bathing suits, different colors, maybe a bikini or two. Perhaps
    we could revert to the early 20th century bathing suits that
    covered the whole body. Those who would rather patients wear a
    gown, could order special gowns that have iron on transfers
    of different style bathing suits. It would be a little more expensive,
    but we could hire body painters to paint bathing suits on patients
    before they're given a bed bath. But, we'd have to make sure we
    don't wash of the painted bathing suit. Sun tan lotion should be
    available, too, just to give patients the true ambiance of a beach.
    While giving the bath, nurses and cna's could tell patients about
    their experiences being bathed in a bathing suit, just to keep a
    conversation going. Blown up beach balls could be scattered around
    the hospital room. Maybe the ice cream truck would jingle down
    the hall every once in a while, too. We could turn this into a real
    experience for all involved.
  5. 6
    Ilg is so right about the importance of attending to the linens, the hygeine, mouth care, pericare, etc, If it isn't done or isn't done right the patient will likely feel pretty miserable.

    But if a nursing student is uncomfortable with this for whatever reason (scar, psoriasis, obesity, religious concerns, whatever) just like the patient might be, you throw the role playing exercise right out the window and tell them "what's the big deal?" "Get over it!" "You need therapy!" ??

    If the reason to do this is as many have suggested, a forced lesson in "empathy" or a touchy-feely bonding exercise, at least let that purpose be known up front. The mechanics of a bed bath even on "real" patients can be learned very well, as well as how to do procedures with the least amount of pain and exposure for your patient without having it done to yourself. The vast majority of things done to hospitalized patients will not be done on us, ever.

    Really, is it appropriate to hint that CatLPN has "issues" with her SO?? That is nobody's business, and honestly some of the callous attitudes from people when someone objects to this makes me dislike the process even more than I did before. Flame away.

    edit: I just wanted to add this because of the post from the patient above- when we had another heated thread on this topic a few months ago I did ask some friends in a position to comment on it as patients - what I heard from them was mostly a variation on "you will never know what it's like by giving one bed bath on your healthy friends one time in a simulated hospital environment."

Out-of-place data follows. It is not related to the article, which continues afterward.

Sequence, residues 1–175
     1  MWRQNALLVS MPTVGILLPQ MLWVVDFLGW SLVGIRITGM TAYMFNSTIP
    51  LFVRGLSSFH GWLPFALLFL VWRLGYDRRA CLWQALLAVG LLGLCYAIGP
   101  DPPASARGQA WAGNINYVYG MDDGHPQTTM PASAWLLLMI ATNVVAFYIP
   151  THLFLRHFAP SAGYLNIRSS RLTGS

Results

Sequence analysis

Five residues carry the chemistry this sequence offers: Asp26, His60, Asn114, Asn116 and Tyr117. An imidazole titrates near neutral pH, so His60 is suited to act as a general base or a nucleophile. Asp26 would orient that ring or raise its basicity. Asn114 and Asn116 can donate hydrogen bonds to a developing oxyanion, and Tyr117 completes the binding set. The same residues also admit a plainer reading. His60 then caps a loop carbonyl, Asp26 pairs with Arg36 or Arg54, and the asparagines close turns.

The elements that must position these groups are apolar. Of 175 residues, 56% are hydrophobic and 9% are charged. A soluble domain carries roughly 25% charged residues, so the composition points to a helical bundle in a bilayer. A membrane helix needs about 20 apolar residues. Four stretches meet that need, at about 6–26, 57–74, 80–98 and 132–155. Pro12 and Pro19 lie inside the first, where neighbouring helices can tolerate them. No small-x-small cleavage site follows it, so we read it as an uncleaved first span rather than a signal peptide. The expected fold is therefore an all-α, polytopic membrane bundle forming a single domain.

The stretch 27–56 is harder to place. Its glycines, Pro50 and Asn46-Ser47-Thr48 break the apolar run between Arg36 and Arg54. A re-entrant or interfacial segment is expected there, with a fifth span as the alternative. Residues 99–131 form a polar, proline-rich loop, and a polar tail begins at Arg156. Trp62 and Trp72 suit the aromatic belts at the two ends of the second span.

Last edit by nursel56 on Aug 27, '10
  6. 1
    Quote from nursel56

    Really, is it appropriate to hint that CatLPN has "issues" with her SO?? That is nobody's business, and honestly some of the callous attitudes from people when someone objects to this makes me dislike the process even more than I did before. Flame away.
    Esme12 likes this.
  7. 1
    Quote from nursel56
    But if a nursing student is uncomfortable with this for whatever reason (scar, psoriasis, obesity, religious concerns, whatever) just like the patient might be, you throw the role playing exercise right out the window and tell them "what's the big deal?" "Get over it!" "You need therapy!" ??
    Excellent point! If it really is "no big deal," then how could it possibly foster empathy for our patients?
    happy2learn likes this.
  8. 8
    Quote from middleager
    I realize the site is mainly for nurses, but perhaps the view point from a patients perspective might help a little. I know hearing what you all say is very helpful to me in understanding and appreciating what you all do and contend with. As a patient I have been asked to not only completely expose myself to nurses of the opposite gender, sometimes in multiples, but submit to numerous very invasuve and humiliating procedures. I have been asked and complied to basically strip naked other than those ridiculous gowns for an endoscopy, though i didn't understand why I couldn't leave my underwear on for a throat exam. I even let the nurse untie the ties on the back of the gown which I twisted in ways that would make a contortionest squirm to tie becasue it made me feel just a little more comfortable...but you said it was SOP to have them untied. So given all you are going to ask your patients to do, I find it a little confusing to troubling that you would find being in a bathing suit with people you have come to trust so unreasonable. You are with friends, in an environment you trust. We are in a strange, stressful, environment, going through much more becasue you have told us your are professionals and we have to trust you. While there may be some validity to the claim having some familiarity with the other students makes it different, i would argue it does not make it easier. If you wiegh the familiarity in a bathing suit against nudity, humiliating procedures, amount multiples of strangers....I don't think it is any where near what you will be asking your patients to do. We are told to trust you becasue you are professionals, if you don't trust eachother...how can we. And as a patient, I can't tell you how many times I have been "coaxed", "convinced", even "pushed" to accept SOP because thats the way it is done. If you take offense at being asked to do this, how can you feel confident asking a patient to go much further. Won't you feel just a little hypocritical.